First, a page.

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  • Writer's pictureKevin Mullins

Stop Skipping the Sweaty Stuff. Try "Tag -On Conditioning"

For most exercise enthusiasts, performing conditioning drills at the end of a arduous training session is about as fun as going to the Dentist on a Monday morning for a voluntary root canal. It’s painful. It’s uncomfortable.

Honestly, it sucks.


There you are, an hour into your training session…You’ve squatted the squats, lifted the dead, and thrown more pull-ups into your program than a newborn baby. You are tired. You are hungry.


You are done…

Oh well shit, you still have another twenty minutes of conditioning. The high-intensity interval training that’s supposed to burn all the fat off your body faster than an open flame. Yeah, the stuff that uses equipment named “Assault” – an appropriate description if there ever was one.


There are those ten rounds of bike sprints that can make even the biggest atheist start searching for divine intervention. Then, after a short recovery, you must find that lovely Concept 2 ski erg – you know, the machine that makes you look like you are ripping down curtains, for time…




Upon completion you are relegated to lying on the floor breathing to survive, fighting nausea, and repeating your name and blood type out loud…just in case you close your eyes and wake up in the local hospital. You are trashed, but not in the fun, college-kid-on-too-many-white-claws way that at least gives you a story to tell with your suffering.


No, you feel like goo.


Your muscles are tired from the lift and your cardiovascular system is overrevved and desperate to increase your blood oxygen levels (while lowering the carbon dioxide concentration). Your nervous system feels akin to surviving a few rounds of a taser wielded by your local police department. Your gastrointestinal system is disarray. Your liver is busy processing metabolites and buffering various nutrients and coenzymes to ensure you survive.


Oh, and don’t forget how you’ll feel the rest of the day. Sure, in about an hour you are going to feel higher than a raver on day one of Burning Man. That dopamine is “gonna slap” as our lovely Gen. Z says…


But after that?


You’ll probably feel dead inside after you eat your first big meal of the day. Your body, desperate for oxygen, nutrient-replenishment, and a general reset of the central nervous system is going to try to put you down faster than Will Ferrell with a tranquillizer dart. Just a few hours and a thousand calories stand between you and the “itis”.


Goodbye productivity, personality, and any other ability to function at a higher level, at least for a little while. You'll work through your day and find a groove that allows you to be successful and contribute to greater society, but you won't be feel your best.


And you already know that tomorrow you are going to feel it. You’ll notice the muscle soreness while you turn over during the night, and especially so when your bare feet find the cold floor when you wake. You’ll feel the neural fatigue as you sip your caffeine of choice to no avail – and you’ll notice the biochemical disruption in your thirst, hunger, and general wellbeing.


All of this in the name of being more “elite” with your fitness routine. Do more, get more, as they say. You pushed all your chips into the pot and now you have to play the hand you're dealt.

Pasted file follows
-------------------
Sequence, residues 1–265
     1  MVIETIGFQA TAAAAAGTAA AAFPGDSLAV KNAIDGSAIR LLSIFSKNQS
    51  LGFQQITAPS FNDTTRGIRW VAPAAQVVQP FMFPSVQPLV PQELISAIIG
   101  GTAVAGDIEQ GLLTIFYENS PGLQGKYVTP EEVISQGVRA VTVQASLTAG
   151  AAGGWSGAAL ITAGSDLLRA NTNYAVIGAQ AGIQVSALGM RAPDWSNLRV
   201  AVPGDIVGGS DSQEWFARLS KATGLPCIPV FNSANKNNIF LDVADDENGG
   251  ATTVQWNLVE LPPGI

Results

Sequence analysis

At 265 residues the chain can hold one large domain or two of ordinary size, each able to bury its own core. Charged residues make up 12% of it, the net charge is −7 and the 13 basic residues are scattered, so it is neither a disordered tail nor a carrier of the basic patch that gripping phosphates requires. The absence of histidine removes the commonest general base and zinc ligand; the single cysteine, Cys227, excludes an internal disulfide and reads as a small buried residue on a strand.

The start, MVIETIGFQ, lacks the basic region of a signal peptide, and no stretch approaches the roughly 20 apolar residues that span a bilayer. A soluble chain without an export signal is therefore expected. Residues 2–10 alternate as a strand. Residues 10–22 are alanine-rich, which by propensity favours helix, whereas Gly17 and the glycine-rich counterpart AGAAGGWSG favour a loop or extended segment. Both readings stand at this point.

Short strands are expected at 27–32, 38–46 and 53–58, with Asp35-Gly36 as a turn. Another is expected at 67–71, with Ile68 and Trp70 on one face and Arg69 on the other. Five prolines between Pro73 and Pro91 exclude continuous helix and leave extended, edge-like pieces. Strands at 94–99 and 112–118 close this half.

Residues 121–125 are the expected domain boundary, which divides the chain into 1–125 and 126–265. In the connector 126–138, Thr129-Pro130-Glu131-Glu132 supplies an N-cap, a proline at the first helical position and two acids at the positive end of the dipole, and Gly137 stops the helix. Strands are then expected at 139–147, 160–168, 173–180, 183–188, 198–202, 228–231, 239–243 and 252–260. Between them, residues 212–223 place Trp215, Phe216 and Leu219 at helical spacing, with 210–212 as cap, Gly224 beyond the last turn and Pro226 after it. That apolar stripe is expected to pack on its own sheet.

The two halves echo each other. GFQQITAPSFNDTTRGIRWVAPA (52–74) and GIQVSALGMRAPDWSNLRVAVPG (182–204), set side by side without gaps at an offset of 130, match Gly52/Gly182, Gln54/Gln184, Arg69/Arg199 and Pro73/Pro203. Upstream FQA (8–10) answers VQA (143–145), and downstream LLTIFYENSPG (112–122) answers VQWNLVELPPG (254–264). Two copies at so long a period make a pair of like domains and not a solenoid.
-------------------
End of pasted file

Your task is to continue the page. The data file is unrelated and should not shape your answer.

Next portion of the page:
Butchered Science Sucks


Not content with only challenging your body with a demanding lifting routine – the addition of the high effort, long duration conditioning at the end of the session was the cherry on top of your proverbial sundae. Science will justify this if you take that cherry and start using to pick through the data.


Energy Balance


You can quote the classic calories-in, calories-out argument, otherwise known as energy balance. You can highlight how your EAT (exercise activity thermogenesis) was so high that it’s OK that your NEAT (non-exercise activity thermogenesis) was a bit lower the rest of the day. You can look at the sum of total calories burned, compare to your calories consumed, and be excited about the probability of contributing to losing that all-so-important pound-of-fat this week.


Except, recent studies that track weight-loss and fat-loss training programs have noted that the most important factors for success are NOT the workout intensity/duration.


Instead, the number of calories burned via the NEAT pathway (AKA – be active through the day doing tasks like walking to your coworker’s desk to handle an issue instead of sending another damn email) have a greater correlation with long-term weight loss.


EPOC


You could also highlight the favorite science-flex of graduating kinesiology students and newly certified personal trainers around the world – EPOC! Excess post-exercise oxygen consumption has long been used as the justification for high-intensity interval training.


Hell, an entire brand exists on the “theory” of getting into a specific zone and maintaining it for the bulk of the workout to maximize EPOC.




In short, the science of EPOC states that the greater oxygen debt created during the workout (do hard shit, barely catch your breath, and do it again) …the greater the deficit maintained post-workout. This deficit is then backfilled over the next 24-48 hours through your normal cadence of breathing and recovery. Sleep is necessary.


Yet, recent data suggests that this phenomenon is not as phenomenal as we once thought. While still TRUE – it isn’t the magic pill that so many thought it was. In fact, in a world where most individuals who are training hard for fat loss aren’t doing so with proper recovery – chasing EPOC could lead to long-term metabolic issues. The “on/off switch” of metabolic output can be an excellent jump-start to a fitness program and can be used in a shortened time frame when weight must be lost quickly…


But it isn’t meant to be a long-term strategy for weight management and body composition. It’s even worse when we factor in the diets that are often associated with this lifestyle and training methodology.


"So, what are you saying Mullins?"

One thousand words into an article and all you’ve got to show for it are cheesy puns and a rant. You might even feel ready to disagree with the sentiments above because you’ve trained this way and don’t feel like this is an issue. Maybe you think I don’t like conditioning (I do when I follow protocols like those outlined in this article).


The fact is, you need to train high intensity intervals (assuming you are healthy, capable of safely executing them and are cleared by your physician.) They are a piece of the fitness puzzle that far too many exercise enthusiasts omit from their training programs. It is the discomfort in training that changes our body after all.